10th State of the Presidency
2 Years Under Duterte: Strongman rule, economic losses, killings, a failed peace process

Posted by CenPEG
July 25, 2018

The Philippines suffered employment losses and trade deficits capped by an accelerated inflation in the second year of the Duterte administration.

Prof. Joseph Anthony Lim pointed this out in an economic briefing during CenPEG’s 10th State of the Presidency (SOP), “Duterte’s Strongman Rule: The Gathering Storm?” on July 20 at the University of the Philippines’ College of Mass Communication (CMC) auditorium, Diliman, Quezon City.

In the first half of 2018, Lim said, “grave economic problems arose.” As the Tax Reform for Acceleration and Inclusion (TRAIN 1) law was implemented, inflation accelerated with rising rice as well as oil and gas prices, and stronger devaluations. The Philippine stock market entered the bear weak territory resulting in a decline in foreign and domestic investor confidence, Lim, a professor from the Ateneo University, also said.

Appraising Duterte’s first two years as president, Prof. Temario C. Rivera, said the chief executive’s authoritarian bent “has been most pronounced” in public order and security issues such as the bloody campaign against illegal drugs and the “erratic peace talks” with the left National Democratic Front of the Philippines (NDFP).

In public policy, Rivera, the current CenPEG Board chair, said, Duterte “has projected himself unabashedly as the only legitimate arbiter of what is good for the country, persistently sidetracked the rule of law, and pursued dangerously simplistic responses to complex issues such as the drug problem and peace negotiations.”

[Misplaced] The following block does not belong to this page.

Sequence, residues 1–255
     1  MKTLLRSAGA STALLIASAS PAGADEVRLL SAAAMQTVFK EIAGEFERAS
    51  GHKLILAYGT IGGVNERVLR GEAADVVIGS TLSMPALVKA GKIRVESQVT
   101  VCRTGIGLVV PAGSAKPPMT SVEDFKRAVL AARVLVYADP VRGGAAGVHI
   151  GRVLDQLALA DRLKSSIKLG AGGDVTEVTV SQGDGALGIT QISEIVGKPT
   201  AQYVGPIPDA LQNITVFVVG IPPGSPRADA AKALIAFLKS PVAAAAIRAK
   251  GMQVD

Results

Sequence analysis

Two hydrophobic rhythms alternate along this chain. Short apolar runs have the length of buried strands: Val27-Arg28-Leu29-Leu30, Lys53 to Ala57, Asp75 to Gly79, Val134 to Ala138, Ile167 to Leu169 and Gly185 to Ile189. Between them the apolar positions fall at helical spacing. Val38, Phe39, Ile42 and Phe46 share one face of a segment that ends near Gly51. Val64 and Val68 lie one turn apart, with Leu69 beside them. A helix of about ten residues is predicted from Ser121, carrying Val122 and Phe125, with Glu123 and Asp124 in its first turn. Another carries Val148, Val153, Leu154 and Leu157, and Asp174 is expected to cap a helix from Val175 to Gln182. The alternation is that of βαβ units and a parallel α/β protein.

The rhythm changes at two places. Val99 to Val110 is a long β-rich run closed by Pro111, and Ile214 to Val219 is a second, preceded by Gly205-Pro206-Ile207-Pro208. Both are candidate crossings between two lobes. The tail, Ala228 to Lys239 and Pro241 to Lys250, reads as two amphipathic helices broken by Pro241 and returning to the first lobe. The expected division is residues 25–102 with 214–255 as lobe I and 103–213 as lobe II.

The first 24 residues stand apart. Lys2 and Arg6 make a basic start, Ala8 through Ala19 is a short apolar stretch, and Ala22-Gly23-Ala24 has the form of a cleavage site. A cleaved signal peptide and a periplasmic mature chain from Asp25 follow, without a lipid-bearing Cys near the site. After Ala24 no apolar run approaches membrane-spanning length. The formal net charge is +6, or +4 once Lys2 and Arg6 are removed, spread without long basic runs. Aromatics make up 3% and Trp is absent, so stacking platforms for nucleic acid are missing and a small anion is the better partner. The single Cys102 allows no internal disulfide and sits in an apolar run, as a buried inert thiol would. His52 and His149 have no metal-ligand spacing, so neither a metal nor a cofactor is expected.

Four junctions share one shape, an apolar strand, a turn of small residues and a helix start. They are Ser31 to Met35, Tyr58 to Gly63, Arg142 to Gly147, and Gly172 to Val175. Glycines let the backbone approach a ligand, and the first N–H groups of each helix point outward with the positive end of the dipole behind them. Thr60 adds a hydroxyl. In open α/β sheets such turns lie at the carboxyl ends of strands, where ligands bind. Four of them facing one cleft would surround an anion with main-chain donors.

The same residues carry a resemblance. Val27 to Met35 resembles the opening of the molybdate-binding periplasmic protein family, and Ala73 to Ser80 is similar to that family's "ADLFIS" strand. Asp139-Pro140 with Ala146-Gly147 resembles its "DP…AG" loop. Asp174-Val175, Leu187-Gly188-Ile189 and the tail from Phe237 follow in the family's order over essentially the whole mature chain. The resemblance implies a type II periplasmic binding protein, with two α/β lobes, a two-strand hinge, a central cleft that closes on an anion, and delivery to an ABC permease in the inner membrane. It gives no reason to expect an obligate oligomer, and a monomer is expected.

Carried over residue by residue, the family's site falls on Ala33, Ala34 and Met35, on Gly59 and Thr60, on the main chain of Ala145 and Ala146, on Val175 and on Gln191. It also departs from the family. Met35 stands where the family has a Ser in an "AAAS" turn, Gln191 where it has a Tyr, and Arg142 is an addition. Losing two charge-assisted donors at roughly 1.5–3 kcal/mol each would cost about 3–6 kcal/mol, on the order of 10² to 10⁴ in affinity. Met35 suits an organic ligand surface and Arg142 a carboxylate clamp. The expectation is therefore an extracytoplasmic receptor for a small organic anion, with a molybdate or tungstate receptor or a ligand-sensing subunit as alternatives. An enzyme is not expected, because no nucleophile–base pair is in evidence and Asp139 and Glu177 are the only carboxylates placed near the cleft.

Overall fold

Luis V. Teodoro, an opinion columnist and former Dean of the UP CMC, warned that press freedom and the Philippine media have been under threat from the Duterte administration since 2016. Teodoro lamented the lack of “a sense of urgency” in much of the corporate media leaving the expose of the present crisis to the alternative media based mostly in the communities where human rights violations, the killing of journalists, and other abuses are most pronounced.

Looking into the volatile peace talks between government and the NDFP, Bobby M. Tuazon, CenPEG director for policy studies, said that the basic mechanisms for moving the 32-year process forward had long been set up including 10 agreements that had been signed, sequencing of the talks, and the formation of working committees. Duterte, on the other hand, had either “cancelled, postponed, or terminated” unilaterally the peace negotiations five times since he became president in July 2016.

Through the past three decades of talks, Tuazon said, the military’s upperhand and militarist stance in the process has been decisive in scuttling the negotiations from one sitting president to another. But this time, Duterte’s own “exiguous view on the peace process has been determinant in the government position unstable and unreliable,” he said.

Other speakers in the public forum were Prof. Roland G. Simbulan, CenPEG vice-chair, who talked on Duterte’s close relations with China and the deepening military presence of the US; Prof. Nathalie Africa-Verceles, Director of UP’s Center for Women’s and Gender Studies, whose topic was on “Women in the time of Duterte”; and Amirah Ali Lidasan, secretary general of the Moro-Christian People’s Alliance, who dealt on the Bangsamoro Basic Law, now called Bangsamoro Organic Law and the martial law situation in Mindanao.

The public forum had CenPEG Executive Director Evita L. Jimenez as the moderator. Acting as reactor was UP political science professor, Alicor Panao.

The CenPEG panel speakers gave Duterte a failing rate of 5.0 on a scale of 1-10.

The 10th SOP was attended by NGO leaders, academics, media, and observers from diplomatic missions. CenPEG News

FORUM PANEL (l-r): Luis V. Teodoro, Temario C. Rivera, Roland G. Simbulan, Nathalie Africa-Verceles, Amirah Ali Lidasan, and Bobby M. Tuazon. Not in photo is Joseph Anthony Lim.

Rivera in TV interview
Forum moderator Evi L. Jimenez

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